Cantó-Santos Judith,Grau-Junyent Josep M,Garrabou Glòria
Antioxidants (Basel, Switzerland)
Neuromuscular diseases (NMDs) are a heterogeneous group of acquired or inherited rare disorders caused by injury or dysfunction of the anterior horn cells of the spinal cord (lower motor neurons), peripheral nerves, neuromuscular junctions, or skeletal muscles leading to muscle weakness and waste. Unfortunately, most of them entail serious or even fatal consequences. The prevalence rates among NMDs range between 1 and 10 per 100,000 population, but their rarity and diversity pose difficulties for healthcare and research. Some molecular hallmarks are being explored to elucidate the mechanisms triggering disease, to set the path for further advances. In fact, in the present review we outline the metabolic alterations of NMDs, mainly focusing on the role of mitochondria. The aim of the review is to discuss the mechanisms underlying energy production, oxidative stress generation, cell signaling, autophagy, and inflammation triggered or conditioned by the mitochondria. Briefly, increased levels of inflammation have been linked to reactive oxygen species (ROS) accumulation, which is key in mitochondrial genomic instability and mitochondrial respiratory chain (MRC) dysfunction. ROS burst, impaired autophagy, and increased inflammation are observed in many NMDs. Increasing knowledge of the etiology of NMDs will help to develop better diagnosis and treatments, eventually reducing the health and economic burden of NMDs for patients and healthcare systems.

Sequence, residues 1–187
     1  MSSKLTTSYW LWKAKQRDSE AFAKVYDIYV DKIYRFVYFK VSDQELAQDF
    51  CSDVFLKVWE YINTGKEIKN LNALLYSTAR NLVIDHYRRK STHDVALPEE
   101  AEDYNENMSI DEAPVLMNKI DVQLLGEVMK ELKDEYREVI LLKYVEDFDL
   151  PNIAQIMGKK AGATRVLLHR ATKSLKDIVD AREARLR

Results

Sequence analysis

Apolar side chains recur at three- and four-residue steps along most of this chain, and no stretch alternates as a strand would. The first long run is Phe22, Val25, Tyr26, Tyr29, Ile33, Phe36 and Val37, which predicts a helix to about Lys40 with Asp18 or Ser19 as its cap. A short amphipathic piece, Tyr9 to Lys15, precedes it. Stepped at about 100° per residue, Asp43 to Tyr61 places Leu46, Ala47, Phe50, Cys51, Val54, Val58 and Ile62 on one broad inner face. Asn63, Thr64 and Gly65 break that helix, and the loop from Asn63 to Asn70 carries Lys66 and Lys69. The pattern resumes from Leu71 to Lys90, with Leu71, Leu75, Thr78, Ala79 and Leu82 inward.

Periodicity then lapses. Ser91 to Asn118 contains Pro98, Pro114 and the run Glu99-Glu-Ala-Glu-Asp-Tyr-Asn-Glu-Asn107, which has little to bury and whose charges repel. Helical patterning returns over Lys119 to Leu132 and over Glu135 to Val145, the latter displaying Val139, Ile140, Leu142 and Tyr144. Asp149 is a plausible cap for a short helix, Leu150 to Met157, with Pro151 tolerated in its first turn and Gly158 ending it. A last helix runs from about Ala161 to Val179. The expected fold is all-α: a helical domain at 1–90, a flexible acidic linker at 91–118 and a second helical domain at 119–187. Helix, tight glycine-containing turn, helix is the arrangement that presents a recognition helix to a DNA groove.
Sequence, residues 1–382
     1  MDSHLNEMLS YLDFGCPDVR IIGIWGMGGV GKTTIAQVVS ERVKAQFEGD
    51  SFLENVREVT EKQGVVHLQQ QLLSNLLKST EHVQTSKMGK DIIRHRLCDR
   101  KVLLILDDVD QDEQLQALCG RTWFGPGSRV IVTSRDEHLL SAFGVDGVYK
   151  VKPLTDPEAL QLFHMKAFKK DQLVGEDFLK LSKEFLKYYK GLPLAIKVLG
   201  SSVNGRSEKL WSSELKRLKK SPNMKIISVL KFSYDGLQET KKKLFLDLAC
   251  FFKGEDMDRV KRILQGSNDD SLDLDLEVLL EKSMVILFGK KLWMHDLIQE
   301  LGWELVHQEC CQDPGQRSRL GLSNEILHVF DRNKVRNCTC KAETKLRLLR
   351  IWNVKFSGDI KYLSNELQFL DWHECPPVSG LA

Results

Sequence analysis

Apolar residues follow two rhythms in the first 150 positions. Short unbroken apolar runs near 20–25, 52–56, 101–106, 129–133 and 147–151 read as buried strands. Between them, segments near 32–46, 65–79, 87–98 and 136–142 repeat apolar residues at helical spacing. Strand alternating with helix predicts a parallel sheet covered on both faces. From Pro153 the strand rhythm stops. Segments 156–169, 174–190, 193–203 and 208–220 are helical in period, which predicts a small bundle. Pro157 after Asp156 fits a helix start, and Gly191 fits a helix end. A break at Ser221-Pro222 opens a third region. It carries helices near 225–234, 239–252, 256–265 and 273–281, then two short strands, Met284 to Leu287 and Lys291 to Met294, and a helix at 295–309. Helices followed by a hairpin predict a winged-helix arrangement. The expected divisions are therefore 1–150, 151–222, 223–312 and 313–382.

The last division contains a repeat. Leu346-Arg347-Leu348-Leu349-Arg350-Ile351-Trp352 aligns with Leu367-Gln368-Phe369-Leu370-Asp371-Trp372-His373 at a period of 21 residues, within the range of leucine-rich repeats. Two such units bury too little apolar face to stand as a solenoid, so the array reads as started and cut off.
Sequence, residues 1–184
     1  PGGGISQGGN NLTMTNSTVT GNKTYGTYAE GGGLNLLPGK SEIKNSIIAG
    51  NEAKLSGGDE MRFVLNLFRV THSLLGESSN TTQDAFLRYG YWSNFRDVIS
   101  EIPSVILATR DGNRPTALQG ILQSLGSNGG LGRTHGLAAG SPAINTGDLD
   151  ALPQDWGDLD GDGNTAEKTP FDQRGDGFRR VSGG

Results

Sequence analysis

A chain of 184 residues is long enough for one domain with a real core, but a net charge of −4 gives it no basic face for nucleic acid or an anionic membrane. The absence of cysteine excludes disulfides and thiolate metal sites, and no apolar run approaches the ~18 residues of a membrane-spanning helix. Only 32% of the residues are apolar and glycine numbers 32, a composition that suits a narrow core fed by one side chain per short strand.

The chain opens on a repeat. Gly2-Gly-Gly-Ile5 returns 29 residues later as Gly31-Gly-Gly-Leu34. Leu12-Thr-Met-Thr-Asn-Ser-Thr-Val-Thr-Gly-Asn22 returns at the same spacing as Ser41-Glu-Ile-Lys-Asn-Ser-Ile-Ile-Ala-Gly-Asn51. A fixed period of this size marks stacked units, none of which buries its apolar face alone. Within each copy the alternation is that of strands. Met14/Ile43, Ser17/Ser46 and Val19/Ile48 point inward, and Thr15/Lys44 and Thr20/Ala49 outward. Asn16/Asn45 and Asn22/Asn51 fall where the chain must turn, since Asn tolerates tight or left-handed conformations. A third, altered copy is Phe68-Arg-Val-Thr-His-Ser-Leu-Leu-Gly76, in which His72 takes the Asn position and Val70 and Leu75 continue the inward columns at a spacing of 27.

Salidroside Ameliorates Mitochondria-Dependent Neuronal Apoptosis after Spinal Cord Ischemia-Reperfusion Injury Partially through Inhibiting Oxidative Stress and Promoting Mitophagy.
Gu Changjiang,Li Linwei,Huang Yifan,Qian Dingfei,Liu Wei,Zhang Chengliang,Luo Yongjun,Zhou Zheng,Kong Fanqi,Zhao Xuan,Liu Hao,Gao Peng,Chen Jian,Yin Guoyong
Oxidative medicine and cellular longevity